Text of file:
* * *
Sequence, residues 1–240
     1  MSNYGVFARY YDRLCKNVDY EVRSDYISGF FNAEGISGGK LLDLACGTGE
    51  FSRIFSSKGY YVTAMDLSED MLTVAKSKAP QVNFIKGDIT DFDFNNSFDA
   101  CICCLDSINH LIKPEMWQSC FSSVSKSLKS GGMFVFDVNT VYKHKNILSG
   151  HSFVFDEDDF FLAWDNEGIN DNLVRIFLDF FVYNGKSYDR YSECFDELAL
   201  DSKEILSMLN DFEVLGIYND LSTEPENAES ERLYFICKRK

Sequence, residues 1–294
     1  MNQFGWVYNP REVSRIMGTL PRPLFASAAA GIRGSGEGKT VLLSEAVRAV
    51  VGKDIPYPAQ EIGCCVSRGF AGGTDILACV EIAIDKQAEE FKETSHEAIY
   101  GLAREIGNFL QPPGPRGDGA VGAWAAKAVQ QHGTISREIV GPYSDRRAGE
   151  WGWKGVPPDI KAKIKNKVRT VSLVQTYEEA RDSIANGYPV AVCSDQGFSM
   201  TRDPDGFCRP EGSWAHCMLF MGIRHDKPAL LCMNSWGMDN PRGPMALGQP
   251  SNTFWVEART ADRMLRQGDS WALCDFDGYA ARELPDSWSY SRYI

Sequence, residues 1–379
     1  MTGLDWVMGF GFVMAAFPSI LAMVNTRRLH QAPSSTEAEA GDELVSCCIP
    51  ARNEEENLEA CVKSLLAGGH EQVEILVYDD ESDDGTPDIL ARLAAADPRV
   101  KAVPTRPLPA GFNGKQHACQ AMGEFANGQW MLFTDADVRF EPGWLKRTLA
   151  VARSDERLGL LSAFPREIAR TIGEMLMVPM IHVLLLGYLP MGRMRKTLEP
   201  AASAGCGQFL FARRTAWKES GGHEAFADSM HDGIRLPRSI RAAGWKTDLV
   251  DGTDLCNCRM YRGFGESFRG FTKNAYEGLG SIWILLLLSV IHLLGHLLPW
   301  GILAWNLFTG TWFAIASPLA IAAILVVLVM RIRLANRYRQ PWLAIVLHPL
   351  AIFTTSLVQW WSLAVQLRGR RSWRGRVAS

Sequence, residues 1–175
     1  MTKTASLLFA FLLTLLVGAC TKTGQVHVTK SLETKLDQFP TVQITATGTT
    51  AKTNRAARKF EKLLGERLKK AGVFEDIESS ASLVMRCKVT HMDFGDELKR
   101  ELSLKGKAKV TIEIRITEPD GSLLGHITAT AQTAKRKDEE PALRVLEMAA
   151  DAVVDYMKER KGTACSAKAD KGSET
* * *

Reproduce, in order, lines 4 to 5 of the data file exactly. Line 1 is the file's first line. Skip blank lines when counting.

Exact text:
   101  CICCLDSINH LIKPEMWQSC FSSVSKSLKS GGMFVFDVNT VYKHKNILSG
   151  HSFVFDEDDF FLAWDNEGIN DNLVRIFLDF FVYNGKSYDR YSECFDELAL